• Problem 1: Existing students may be skeptical about going online. They have had negative experience with online classes or are simply prejudiced.

Solution: Always offer a demo class for free. In this class, try to show off as many different interesting activities as you can in order to attract the student (but beware of causing cognitive overload). The majority of my students confessed they had had completely different expectations before they accepted the offer to take the free demo class.

  • Problem 2: You feel online communication can prevent establishing a good connection between you and your students. Admittedly, although video conferencing allows you to see the person you are talking to, the visual cues such as facial expressions, body gestures and similar are much less readable than in face-to-face interaction.

Solution: Make a conscious effort to connect personally with your students. It is true that video conferencing for some may feel artificial, but this can be compensated for if, for example, the learning activities are fully personalized. In addition to catering for your learners’ needs, you also need to clearly show interest in who they are as persons. Try to remember some personal stories they decide to share with you and bring them up as you see fit. Maintain regular email communication and make sure you always give them feedback when they send you assignments. Don’t forget that connection needs to be established on both sides, so do incorporate activities that show who you are as a person too (e.g. play a competitive game with the student or find some shared likes and dislikes) and try not to shy away from sharing some personal stories, too.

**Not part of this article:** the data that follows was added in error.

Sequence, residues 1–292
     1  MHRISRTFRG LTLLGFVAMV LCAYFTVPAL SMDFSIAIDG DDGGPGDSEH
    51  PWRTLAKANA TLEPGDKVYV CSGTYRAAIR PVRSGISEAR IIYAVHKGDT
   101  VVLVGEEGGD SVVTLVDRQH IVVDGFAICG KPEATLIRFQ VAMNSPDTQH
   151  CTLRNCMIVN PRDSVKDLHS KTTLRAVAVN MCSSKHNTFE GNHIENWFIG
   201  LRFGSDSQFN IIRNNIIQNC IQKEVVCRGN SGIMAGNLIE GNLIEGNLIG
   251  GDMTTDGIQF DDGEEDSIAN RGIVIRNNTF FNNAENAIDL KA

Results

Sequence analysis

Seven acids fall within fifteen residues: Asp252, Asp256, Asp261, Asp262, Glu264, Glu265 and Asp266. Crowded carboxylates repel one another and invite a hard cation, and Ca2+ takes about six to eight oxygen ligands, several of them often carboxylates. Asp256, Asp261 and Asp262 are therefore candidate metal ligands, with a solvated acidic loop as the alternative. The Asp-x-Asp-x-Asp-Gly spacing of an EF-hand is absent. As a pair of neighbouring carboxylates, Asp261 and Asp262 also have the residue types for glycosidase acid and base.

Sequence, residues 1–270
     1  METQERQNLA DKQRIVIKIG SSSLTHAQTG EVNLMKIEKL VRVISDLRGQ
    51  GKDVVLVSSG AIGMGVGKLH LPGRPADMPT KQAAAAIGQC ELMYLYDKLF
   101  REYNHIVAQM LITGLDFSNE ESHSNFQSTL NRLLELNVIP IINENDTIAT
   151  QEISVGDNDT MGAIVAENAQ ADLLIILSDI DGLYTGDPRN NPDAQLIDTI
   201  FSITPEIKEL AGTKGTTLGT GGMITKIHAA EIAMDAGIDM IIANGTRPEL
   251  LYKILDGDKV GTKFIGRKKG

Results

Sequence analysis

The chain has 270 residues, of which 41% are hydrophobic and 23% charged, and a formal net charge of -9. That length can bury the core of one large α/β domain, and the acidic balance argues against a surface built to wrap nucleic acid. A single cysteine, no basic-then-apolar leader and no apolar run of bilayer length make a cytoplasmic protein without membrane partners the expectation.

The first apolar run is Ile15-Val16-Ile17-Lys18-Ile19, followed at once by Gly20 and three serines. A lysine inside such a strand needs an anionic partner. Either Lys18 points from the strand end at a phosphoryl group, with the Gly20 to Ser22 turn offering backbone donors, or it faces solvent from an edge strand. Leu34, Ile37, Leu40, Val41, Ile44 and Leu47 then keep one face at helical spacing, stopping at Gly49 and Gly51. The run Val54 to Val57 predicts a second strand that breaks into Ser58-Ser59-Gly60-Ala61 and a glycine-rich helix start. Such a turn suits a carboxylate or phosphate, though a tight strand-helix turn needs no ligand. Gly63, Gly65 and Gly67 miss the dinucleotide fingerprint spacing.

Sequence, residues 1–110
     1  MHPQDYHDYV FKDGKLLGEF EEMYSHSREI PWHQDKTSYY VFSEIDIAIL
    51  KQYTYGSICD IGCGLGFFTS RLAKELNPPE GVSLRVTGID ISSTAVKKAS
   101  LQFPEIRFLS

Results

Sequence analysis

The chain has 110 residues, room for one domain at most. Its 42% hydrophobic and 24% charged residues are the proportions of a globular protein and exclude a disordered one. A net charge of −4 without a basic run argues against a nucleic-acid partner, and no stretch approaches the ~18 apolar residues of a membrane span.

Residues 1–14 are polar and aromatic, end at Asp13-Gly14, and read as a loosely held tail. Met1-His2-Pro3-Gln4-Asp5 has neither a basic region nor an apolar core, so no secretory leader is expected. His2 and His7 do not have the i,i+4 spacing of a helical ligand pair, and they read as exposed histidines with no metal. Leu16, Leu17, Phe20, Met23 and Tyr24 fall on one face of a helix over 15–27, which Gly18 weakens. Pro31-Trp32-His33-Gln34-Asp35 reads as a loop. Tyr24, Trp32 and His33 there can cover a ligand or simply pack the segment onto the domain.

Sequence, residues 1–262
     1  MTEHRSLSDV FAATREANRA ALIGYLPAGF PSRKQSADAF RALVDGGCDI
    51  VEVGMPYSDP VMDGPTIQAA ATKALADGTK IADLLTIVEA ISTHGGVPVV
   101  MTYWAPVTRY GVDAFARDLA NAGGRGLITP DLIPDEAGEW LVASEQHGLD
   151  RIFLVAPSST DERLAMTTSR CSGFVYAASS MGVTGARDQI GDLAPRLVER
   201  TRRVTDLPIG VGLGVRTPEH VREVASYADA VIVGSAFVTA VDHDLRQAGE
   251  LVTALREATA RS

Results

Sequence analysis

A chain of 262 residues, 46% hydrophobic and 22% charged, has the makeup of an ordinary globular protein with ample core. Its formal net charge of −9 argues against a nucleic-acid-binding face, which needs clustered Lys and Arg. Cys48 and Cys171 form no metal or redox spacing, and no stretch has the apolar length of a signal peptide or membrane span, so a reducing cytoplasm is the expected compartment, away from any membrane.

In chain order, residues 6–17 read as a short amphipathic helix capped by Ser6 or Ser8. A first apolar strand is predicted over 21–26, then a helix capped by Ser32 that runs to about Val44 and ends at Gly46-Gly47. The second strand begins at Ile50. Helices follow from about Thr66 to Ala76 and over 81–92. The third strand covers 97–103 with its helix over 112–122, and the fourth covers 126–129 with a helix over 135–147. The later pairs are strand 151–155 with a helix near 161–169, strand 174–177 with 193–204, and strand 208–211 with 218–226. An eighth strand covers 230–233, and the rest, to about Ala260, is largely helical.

• Problem 3: Teaching online seems to you like so much more work than traditional teaching. Not only is it time-consuming to create all those stimulating activities (and then try them out and make sure everything works well), but it also feels you are working all day long because you are answering emails timely, assessing assignments as they are completed and making sure you keep up with student discussions and other activities where your feedback is of importance.

Solution: There is no other solution than to accept this. Initially, you will spend many hours designing your lessons until you learn how to optimize the planning time. In addition, your daily and weekly workload will feel heavier and you will notice that some activities take days (instead of planned few hours) to complete. The key is to understand that this workload might not necessarily be heavier per se, but rather more scattered throughout the day thus creating the impression of never-ending work. However, there is no easier way to lose your students than be absent for long or fail to give timely feedback. In other words, a part of personalizing your learners’ experience is creating an online community where your presence is felt. Of course, this should not mean 24/7 availability, but some flexibility on your part is required.

Are you thinking of starting teaching online? Feel free to share your concerns or ask questions in the comments below!

8 Steps to Starting Online Teaching Inforgraphics

8 Steps to Starting Online Teaching Inforgraphics